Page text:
Lokedi andChebet: New York City Marathon 2022
Women's winner Sharon Lokedi of Kenya and Men's winner Evans Chebet of Kenya pose with flags after the TCS 2022 New York City Marathon on November 06, 2022 in New York City (Photo: Jamie Squire/Getty Images)

Kenyans Lokedi, Chebet Win Thrilling New York City Marathon Races

In New York City, Sharon Lokedi (KEN) proved it’s possible to win a marathon in your first try. Chebet (KEN) brings home a double for 2022.

Lokedi andChebet: New York City Marathon 2022
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On Sunday morning in New York City, Kenya’s Sharon Lokedi proved it’s possible to win a marathon on your first try, but Brazil’s Daniel Do Nascimento showed it’s not possible to do it running alone most of the way.

Sharon Lokedi NYC Marathon 2022
Sharon Lokedi wins the Professional Women’s Open Division during the 2022 TCS New York City Marathon on November 06, 2022 in New York City. (Photo: Bryan Bedder/New York Road Runners via Getty Images)

In a stunning debut running 26.2 miles, Lokedi, a 28-year-old former University of Kansas runner, broke away from the lead pack of women at the 24-mile mark and outran Kenyan-born Israeli runner Lonah Salpeter to win Sunday’s New York City Marathon in 2:23:23. Salpeter, the bronze medalist at last summer’s World Athletics Championships in Eugene, Oregon, finished seven seconds behind to secure second place (2:23:30), followed by Ethiopia’s Gotytom Gebreslase in third in 2:23:39.

Evans Chebet wins the 2022 TCS New York City Marathon on November 06, 2022 in New York City (Photo: Bryan Bedder/New York Road Runners via Getty Images)

In the men’s race, Kenya’s Evans Chebet took charge of the race after Do Nascimento’s breakaway lead saw him succumb to cramping and exhaustion near mile 21 in the Bronx. Chebet, who patiently ran with the men’s chase pack through the 15-mile mark, executed a strong surge throughout the second half of the race to win in 2:08:41.

In winning his fifth marathon since 2019, Chebet, 33, also pulled off the rare feat of winning the New York City Marathon in the same year as he claimed victory in the Boston Marathon, which he won in 2:06:51 back in April.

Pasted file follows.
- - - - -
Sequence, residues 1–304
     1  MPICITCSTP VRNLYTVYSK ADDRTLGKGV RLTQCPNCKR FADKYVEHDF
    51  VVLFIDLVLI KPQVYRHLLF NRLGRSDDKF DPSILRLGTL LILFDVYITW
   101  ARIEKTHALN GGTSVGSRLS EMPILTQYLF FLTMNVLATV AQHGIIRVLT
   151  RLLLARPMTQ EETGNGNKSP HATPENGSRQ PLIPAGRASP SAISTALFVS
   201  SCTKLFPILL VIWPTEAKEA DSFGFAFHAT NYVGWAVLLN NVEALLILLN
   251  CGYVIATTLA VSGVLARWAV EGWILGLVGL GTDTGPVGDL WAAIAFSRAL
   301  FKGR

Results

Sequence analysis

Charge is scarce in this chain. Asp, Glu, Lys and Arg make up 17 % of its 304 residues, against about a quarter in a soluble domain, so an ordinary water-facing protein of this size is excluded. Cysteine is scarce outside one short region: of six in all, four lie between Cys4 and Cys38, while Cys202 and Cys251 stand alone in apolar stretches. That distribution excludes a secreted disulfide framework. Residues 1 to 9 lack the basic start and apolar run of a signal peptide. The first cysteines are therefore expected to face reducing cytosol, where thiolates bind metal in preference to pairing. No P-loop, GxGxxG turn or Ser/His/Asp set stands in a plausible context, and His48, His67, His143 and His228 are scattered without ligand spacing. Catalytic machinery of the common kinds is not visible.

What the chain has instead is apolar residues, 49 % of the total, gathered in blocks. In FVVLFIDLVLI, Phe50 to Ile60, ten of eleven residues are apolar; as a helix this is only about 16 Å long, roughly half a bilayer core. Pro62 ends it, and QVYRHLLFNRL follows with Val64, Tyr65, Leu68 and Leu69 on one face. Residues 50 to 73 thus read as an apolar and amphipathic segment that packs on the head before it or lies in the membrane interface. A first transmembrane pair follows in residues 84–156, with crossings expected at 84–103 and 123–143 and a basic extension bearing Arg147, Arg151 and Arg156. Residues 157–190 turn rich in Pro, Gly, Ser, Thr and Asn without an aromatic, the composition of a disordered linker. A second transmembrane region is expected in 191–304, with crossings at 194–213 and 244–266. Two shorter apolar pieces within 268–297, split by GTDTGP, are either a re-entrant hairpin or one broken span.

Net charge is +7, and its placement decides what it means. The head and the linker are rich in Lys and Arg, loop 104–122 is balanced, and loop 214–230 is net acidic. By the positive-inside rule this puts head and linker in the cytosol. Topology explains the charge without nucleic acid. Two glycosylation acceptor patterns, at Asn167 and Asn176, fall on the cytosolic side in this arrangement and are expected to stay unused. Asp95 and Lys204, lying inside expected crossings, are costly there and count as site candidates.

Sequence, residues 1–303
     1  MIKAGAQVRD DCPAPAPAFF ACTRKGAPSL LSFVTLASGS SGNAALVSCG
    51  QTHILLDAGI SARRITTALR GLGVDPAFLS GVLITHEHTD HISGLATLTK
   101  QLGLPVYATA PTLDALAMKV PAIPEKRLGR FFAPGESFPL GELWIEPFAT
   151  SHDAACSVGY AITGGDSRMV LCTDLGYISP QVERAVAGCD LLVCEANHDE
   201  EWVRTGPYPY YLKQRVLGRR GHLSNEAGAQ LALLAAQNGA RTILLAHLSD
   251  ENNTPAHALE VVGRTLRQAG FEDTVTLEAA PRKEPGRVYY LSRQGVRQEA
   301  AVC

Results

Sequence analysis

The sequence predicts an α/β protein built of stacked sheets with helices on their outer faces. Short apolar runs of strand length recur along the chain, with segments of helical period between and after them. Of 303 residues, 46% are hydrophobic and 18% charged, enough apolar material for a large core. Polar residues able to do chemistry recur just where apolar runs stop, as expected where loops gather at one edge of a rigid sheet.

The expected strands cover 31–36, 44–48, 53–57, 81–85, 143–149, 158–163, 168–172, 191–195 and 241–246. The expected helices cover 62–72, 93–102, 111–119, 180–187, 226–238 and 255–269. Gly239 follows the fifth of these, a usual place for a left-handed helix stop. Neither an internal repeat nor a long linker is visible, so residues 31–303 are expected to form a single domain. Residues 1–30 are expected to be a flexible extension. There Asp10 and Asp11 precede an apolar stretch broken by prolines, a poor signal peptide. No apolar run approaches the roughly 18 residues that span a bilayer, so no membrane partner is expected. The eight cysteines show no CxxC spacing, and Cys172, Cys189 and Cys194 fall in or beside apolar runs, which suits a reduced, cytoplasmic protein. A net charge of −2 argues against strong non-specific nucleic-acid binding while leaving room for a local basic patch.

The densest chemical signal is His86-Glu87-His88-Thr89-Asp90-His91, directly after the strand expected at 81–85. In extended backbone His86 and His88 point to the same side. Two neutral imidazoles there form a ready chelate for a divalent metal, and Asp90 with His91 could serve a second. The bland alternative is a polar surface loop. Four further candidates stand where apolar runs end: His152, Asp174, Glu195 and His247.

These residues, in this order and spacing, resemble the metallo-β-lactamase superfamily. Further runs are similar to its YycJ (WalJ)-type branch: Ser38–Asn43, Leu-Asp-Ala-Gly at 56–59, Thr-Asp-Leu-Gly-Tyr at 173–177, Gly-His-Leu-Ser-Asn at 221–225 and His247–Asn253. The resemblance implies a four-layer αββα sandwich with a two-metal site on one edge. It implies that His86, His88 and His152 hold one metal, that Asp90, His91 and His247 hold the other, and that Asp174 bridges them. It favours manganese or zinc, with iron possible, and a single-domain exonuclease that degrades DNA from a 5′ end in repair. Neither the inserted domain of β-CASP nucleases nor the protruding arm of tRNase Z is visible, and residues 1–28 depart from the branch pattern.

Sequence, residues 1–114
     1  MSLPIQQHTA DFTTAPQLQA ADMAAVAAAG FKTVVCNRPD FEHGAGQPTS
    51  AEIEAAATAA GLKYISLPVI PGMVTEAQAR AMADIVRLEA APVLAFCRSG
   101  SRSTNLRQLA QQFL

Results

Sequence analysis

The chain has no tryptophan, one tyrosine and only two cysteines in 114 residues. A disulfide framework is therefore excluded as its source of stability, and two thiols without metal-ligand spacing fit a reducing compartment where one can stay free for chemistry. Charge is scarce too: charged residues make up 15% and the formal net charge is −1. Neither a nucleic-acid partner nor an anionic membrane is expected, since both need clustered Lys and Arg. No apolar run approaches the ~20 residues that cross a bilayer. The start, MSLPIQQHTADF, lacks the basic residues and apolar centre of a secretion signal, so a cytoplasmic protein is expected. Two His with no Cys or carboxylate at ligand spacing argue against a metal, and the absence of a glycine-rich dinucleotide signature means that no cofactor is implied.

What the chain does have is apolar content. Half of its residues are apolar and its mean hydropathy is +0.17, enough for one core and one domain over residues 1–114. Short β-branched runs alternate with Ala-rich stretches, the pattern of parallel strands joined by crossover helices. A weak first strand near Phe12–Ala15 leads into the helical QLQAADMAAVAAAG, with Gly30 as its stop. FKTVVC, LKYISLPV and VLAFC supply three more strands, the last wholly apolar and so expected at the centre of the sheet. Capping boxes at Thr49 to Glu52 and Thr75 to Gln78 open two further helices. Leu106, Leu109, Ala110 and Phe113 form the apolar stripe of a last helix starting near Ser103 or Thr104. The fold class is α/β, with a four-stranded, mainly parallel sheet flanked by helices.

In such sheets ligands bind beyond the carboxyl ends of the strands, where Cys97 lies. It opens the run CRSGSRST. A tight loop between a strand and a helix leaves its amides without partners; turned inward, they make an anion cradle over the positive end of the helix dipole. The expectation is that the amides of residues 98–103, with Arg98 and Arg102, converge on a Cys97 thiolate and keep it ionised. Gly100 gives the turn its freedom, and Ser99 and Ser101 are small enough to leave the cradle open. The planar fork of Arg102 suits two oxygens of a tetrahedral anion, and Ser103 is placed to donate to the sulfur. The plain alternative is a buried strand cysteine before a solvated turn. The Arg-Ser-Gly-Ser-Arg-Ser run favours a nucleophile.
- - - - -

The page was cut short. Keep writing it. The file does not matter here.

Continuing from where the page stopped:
Lokedi and Chebet each won $100,000 in prize money for their victories.

It was an unseasonably warm day in New York City—with the temperature expected to soar into the 70s by late afternoon, which would challenge the record for the hottest race since the marathon moved to November in 1986.

Tuliamuk, a 2020 U.S. Olympian, was the top American women’s finisher, finishing in seventh in 2:26:18 (5:35 per mile) and Scott Fauble was the top American men’s, placing ninth overall in 2:13:35.

Linden, Do Nascimento Early Breakaway Leaders

Both the women’s and men’s races had singular runners go off the front to push the pace in the early miles. In the women’s elite race, which started 15 minutes before the men, Linden, the 2018 Boston Marathon champion and two-time U.S. Olympian, put in an early surge and ran out in front of the large women’s lead pack, pushing the pace just off course-record pace through the 10km split (34:26). Linden was absorbed into the lead pack near mile 10 and then the women’s race really began to unfold.

Desiree Linden of the United States put in an early surge pushing the pace just off course-record pace through the 10km split. (Photo: Sarah Stier/Getty Images)

Kenya’s Hellen Obiri, another first-time marathoner who recently moved to Boulder, Colorado, to train, was among the leaders in the 12-runner pack at the halfway split (1:12:17), along with Lokedi, Gebreslase, Salpeter, Viola Cheptoo, Enda Kiplagat and Americans Lindsay Flanagan and Alpiphine Tuliamuk.

The lead pack dwindled to six runners by the 15.5-mile mark as Gebreslase, Obiri, Salpeter, Cheptoo, and Lokedi all came through in 1:25:46, with Kiplagat and Tuliamuk working hard 2 seconds off the pace. But as the lead women ran in and out of the Bronx, it became a four-person race, with Salpeter, Obiri, Lokedi and Gebreslase running together through the 21.7-mile split in 1:59:13.